Oppose USPS Privatization
During a tense week recently, pipe bombs mailed to former President Barack Obama, actor Robert DeNiro, U.S. Rep. Maxine Waters, the offices of CNN and at least a dozen other targets dominated the news. These overtly political acts of domestic terrorism originated in South Florida and were intended to maim and kill. Fortunately, none of the identified 16 package bombs detonated.
As the country held its collective breadth, there were three aspects of this story that got little coverage.
First, these criminal acts placed tens of thousands of postal workers in harm’s way.
Second, despite the threat of injury or death, 500,000 dedicated, trained and accountable postal workers continued to carry out their mission: “The Postal Service shall have as its basic function the obligation to provide postal services to bind the nation together . . . It shall provide prompt, reliable and efficient services to patrons in all areas and shall render postal services to all communities.”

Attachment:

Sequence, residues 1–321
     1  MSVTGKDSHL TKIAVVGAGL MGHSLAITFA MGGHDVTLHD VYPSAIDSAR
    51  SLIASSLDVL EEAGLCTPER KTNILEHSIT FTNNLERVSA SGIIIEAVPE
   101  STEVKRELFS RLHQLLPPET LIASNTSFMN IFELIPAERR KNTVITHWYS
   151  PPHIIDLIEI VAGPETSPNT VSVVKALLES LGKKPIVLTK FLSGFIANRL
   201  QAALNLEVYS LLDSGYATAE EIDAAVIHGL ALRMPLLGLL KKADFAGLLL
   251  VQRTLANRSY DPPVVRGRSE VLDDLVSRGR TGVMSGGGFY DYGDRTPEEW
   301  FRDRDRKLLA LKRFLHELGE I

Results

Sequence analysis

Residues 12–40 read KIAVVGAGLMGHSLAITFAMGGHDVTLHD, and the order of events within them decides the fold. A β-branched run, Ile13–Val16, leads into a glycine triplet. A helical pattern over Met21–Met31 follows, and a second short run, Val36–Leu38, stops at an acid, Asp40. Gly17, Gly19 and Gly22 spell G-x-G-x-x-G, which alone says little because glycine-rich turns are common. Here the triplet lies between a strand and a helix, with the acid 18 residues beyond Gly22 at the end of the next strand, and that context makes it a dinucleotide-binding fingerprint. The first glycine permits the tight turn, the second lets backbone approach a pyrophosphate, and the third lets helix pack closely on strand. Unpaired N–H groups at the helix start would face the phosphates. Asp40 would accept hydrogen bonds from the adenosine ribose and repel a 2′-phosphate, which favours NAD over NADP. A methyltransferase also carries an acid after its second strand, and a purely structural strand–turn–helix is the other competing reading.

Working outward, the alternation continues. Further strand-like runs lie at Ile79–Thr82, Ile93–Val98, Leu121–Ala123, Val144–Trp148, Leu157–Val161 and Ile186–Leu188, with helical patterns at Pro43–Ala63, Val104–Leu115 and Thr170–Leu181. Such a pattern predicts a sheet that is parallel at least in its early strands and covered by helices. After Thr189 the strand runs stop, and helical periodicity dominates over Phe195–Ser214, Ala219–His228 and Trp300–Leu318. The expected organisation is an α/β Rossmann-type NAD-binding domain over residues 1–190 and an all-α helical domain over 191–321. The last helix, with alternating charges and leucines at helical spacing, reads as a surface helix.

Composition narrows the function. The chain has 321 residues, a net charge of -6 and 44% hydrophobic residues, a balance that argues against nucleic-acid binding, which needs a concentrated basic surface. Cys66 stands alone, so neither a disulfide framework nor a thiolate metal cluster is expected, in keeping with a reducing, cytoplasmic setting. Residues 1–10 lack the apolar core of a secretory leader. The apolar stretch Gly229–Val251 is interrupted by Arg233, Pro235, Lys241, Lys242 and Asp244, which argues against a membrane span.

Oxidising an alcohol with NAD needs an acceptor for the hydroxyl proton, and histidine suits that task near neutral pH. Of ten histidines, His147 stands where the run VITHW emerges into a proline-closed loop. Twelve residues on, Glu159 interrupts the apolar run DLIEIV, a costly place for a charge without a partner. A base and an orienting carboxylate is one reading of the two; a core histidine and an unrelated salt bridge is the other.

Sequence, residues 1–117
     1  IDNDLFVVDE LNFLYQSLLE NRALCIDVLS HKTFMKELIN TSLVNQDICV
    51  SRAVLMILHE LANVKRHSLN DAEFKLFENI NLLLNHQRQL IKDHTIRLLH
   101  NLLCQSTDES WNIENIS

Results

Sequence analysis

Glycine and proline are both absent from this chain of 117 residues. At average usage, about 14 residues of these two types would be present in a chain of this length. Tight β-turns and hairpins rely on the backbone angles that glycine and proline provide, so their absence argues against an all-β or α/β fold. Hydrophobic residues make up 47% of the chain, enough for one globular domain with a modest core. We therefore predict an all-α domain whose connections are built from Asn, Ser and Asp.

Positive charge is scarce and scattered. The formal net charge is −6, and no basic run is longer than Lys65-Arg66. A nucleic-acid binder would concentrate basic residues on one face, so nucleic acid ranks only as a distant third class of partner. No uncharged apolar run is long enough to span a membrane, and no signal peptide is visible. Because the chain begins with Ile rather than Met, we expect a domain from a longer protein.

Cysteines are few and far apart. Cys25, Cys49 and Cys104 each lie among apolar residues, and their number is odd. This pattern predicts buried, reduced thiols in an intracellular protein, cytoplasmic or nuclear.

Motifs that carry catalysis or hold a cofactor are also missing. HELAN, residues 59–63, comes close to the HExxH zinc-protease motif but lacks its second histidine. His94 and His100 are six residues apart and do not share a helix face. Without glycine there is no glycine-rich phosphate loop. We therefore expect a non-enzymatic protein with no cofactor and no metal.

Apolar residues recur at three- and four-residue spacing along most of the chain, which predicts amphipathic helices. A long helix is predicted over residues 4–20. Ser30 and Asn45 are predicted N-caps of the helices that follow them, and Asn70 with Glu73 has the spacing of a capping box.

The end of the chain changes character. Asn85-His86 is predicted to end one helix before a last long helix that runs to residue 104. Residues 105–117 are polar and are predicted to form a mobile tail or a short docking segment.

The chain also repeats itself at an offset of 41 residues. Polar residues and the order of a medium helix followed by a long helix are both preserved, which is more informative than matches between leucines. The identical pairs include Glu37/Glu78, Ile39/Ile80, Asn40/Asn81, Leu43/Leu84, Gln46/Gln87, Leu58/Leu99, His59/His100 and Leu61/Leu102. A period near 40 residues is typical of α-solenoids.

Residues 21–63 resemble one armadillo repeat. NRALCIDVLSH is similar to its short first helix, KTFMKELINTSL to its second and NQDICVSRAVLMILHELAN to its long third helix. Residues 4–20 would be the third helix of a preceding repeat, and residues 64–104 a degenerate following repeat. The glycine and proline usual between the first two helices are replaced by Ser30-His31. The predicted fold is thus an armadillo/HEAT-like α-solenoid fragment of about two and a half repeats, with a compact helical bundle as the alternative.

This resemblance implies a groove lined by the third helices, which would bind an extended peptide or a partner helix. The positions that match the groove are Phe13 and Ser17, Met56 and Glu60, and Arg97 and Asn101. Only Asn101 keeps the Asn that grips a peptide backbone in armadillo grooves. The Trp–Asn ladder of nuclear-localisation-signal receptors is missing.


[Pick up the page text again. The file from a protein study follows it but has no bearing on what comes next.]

Third, in many cases it was conscientious and alert postal workers who successfully identified suspicious packages and took action to protect not just their own safety but also that of their co-workers and the public.
Yet, in its June 21 report, “Delivering Government Solutions in the 21st Century,” the White House Office of Management and Budget (OMB) announced its intent to privatize the U.S. Postal Service and sell it to the highest corporate bidder. If allowed to move forward, this will enrich some Wall Street investors and a few powerful corporations. For the rest of us, the”99 percent,” it would result in diminished postal services and higher prices.
In addition, to this proposal, add a soon-to-be-released report from a presidential task force on the future of the post office. There is little doubt that this task force, of which OMB is an integral part, will make proposals harmful to the Postal Service and detrimental to the rights and benefits of those who move the mail.
Ask your member of Congress to co-sponsor House Resolution 993 and Senate Resolution 633, opposing privatization of the U.S. Postal Service.